Global Weekly: The U-turn of central banks

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In the last week of March, yields continued to fall as both investors and central banks seem to worry that Europe’s economic future increasingly looks like Japan’s recent history of slow-to-no-growth and inflation.

Another round of disappointing business confidence indicators, mostly (but not only) in Europe, reinforced this notion. Meanwhile, the Fed is leading most central banks in a fundamental rethink of their policy framework, as this is challenged by stubbornly low inflation. This increasingly questions the banks’ view on how inflation dynamics work in today’s global economy. Inflation expectations fell again last week and are much lower than three months ago. Central banks are increasingly worried that low inflation expectations become a self-fulfilling prophecy and are struggling to cope with this.

Meanwhile, the ECB continues to prepare markets for the possibility of a low-for-ever instead of a low-for-longer rate policy. The ECB is aware that it may be too late to hike in this cycle. It is for example currently looking into possibilities to mitigate the drag of negative policy rates on banks’ profitability. Under these circumstances, it was no surprise that 10-year Bund yields fell below zero again, as they did in the summer of 2016.

The Fed already communicated a shift to a looser policy and markets may now be overreacting a bit. The combination of lower global yields, mixed signals from the US economy and a structural accommodative shift by the Fed has now pushed 10-year US Treasury yields below 3-month yields for the first time in a decade.

The five times this happened before, a recession followed within one or two years. This is why the inversion of the US yield curve was clearly noted by investors and policymakers, even though there is no guarantee or even robust statistical significance to these few observations. We continue to think that the risk of a recession within 12 months is relatively low, although recent data tilted the risks to our outlook to the downside again.

Spreads moved mostly sideways, torn between disappointing macro data and the prospect of central bank support. We expect a moderate improvement in economic data over the next few months to confirm trend-like growth in the second half of this year, not a recession. The improved data should allow spreads to move sideways and corporate bond investors to earn yields on their positions.

High-yield bonds have managed to keep up with the rebound of emerging-market bonds this year so far. High-yield bonds, however, look clearly more vulnerable to downside risk scenarios. Relatively strong performance of high-yield bonds has only added to arguments for investors to overweight emerging-market bonds versus high-yield bonds, as we are still recommending.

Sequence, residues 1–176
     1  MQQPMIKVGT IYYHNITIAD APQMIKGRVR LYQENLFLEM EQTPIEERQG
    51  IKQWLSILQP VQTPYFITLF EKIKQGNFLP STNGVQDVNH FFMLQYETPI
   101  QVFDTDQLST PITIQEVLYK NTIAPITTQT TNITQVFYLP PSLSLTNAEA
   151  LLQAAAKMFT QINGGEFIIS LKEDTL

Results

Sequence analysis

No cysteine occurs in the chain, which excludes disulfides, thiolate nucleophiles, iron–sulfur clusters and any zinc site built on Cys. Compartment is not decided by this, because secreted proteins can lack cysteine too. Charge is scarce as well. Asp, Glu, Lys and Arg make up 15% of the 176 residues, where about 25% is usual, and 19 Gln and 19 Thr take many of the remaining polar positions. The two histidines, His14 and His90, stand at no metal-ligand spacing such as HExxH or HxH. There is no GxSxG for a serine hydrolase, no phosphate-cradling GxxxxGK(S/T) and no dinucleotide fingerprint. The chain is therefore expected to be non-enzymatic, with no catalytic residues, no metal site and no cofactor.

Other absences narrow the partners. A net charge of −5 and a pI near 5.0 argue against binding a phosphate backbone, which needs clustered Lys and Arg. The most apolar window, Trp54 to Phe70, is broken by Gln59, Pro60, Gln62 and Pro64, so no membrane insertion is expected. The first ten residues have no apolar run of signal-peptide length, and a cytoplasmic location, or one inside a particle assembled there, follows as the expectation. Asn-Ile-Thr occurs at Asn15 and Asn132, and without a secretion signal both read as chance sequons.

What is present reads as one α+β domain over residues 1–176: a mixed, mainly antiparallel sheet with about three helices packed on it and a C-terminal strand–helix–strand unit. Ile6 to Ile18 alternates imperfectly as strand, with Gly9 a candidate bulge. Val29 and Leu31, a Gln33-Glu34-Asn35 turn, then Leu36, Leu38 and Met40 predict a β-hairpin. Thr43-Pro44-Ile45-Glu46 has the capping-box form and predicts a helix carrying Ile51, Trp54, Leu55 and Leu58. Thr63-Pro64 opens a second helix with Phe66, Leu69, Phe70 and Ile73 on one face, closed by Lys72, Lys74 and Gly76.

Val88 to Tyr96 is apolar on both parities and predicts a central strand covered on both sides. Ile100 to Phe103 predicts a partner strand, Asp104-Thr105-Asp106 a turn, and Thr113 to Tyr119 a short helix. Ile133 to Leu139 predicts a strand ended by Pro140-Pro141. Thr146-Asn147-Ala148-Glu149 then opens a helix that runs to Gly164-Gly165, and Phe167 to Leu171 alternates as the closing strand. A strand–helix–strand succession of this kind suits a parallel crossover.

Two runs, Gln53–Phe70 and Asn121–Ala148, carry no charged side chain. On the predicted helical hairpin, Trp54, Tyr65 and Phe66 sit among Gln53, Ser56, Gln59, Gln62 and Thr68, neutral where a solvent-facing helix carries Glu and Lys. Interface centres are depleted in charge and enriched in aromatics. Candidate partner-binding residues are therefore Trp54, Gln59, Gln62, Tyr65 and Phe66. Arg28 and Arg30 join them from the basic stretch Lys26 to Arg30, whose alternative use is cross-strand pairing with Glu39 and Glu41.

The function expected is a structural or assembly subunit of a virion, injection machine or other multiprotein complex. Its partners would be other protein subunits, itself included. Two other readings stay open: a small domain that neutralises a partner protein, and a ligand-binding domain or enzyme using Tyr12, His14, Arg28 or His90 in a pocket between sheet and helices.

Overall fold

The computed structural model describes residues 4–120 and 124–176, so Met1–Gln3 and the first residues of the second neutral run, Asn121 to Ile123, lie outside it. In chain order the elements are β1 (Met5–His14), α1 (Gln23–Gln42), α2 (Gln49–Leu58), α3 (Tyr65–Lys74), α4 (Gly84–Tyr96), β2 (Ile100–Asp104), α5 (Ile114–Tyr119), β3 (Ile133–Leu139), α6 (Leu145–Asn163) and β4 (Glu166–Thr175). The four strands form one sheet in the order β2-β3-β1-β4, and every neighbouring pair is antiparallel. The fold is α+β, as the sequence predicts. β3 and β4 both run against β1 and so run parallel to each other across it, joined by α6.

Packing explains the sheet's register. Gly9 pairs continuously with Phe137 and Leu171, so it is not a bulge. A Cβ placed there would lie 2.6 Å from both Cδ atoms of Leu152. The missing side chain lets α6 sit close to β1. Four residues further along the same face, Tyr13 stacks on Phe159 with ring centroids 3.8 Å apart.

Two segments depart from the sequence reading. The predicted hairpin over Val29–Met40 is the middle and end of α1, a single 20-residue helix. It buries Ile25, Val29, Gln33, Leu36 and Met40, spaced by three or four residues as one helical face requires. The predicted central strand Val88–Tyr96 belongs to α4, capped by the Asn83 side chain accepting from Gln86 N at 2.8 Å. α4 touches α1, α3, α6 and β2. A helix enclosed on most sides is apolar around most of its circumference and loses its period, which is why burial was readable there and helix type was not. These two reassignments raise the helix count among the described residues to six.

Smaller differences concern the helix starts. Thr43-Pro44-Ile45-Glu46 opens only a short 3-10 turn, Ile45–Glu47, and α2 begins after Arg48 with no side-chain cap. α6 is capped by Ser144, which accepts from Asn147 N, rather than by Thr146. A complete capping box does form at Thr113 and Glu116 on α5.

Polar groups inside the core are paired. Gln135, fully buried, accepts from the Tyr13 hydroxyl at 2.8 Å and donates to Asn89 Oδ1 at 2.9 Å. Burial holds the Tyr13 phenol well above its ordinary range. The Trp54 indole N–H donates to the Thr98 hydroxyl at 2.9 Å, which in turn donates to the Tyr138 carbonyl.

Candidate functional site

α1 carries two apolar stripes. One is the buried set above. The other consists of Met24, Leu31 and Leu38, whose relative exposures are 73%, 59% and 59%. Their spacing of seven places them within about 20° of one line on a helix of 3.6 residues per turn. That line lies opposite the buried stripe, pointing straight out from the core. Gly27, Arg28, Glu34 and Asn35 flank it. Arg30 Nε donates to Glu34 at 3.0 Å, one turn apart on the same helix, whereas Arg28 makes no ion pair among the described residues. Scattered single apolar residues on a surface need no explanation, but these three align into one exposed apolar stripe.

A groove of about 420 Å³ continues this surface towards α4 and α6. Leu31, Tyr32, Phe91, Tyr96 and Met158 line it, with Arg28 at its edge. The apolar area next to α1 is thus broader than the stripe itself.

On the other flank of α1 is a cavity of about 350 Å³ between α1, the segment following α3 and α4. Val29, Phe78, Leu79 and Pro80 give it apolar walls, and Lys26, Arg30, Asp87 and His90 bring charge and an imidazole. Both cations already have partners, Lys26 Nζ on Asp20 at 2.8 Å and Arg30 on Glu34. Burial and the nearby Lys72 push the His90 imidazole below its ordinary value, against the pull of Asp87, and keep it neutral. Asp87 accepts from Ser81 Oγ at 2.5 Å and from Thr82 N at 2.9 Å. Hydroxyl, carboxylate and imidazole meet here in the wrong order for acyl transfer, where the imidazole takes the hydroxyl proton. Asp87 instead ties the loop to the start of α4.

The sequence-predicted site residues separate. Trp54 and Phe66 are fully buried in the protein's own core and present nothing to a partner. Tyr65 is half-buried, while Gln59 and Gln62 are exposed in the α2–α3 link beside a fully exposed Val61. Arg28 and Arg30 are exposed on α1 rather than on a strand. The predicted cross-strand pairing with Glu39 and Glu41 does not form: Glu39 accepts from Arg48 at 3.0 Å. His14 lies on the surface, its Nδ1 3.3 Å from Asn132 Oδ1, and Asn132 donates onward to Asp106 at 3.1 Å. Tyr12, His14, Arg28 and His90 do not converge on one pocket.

Stocks: Some clouds

As the first quarter draws to a close, global equity markets have been rebounding nicely across all regions and have almost recovered year-end losses, in an environment of slowing global economy and a sharp deterioration in earnings momentum. However, investors’ optimism may face some clouds.

The main drivers behind the rebound were falling interest rates, more accommodative central banks and progress on trade talks between the US and China. Last week, however, the German manufacturing PMI index, an important confidence indicator, dropped to 44.7 in March from 47.6 in February and also the US yield curve inverted, when the US 10-year yields fell below the 3-month yields. This kind of poor economic releases in Germany coupled with the inverted US yield curve may have shaken investors’ optimism, by casting doubts on the amplitude of the economic slowdown.

A yield curve inversion has often been considered a forward indicator of a recession in the coming fifteen months. However, this indicator has not always been 100% accurate and the inversion has to last several months to be considered a strong signal. Moreover, its influence on equity markets’ behaviour should not be overstated: History suggests that 50% of the time, US equity markets managed to extend gains in the months following a yield curve inversion.

Heading into April, the market will focus its attention on corporate first-quarter results and outlook. This should be a useful indicator to determine the future market direction. In fact, most of the consensus numbers are pricing an earnings recession for the first quarter of 2019 (-1% according to Bloomberg) with a strong reacceleration in the fourth quarter of the year. Should the consensus prove to be overly pessimistic, this would give some fuel for the equity market rebound to continue.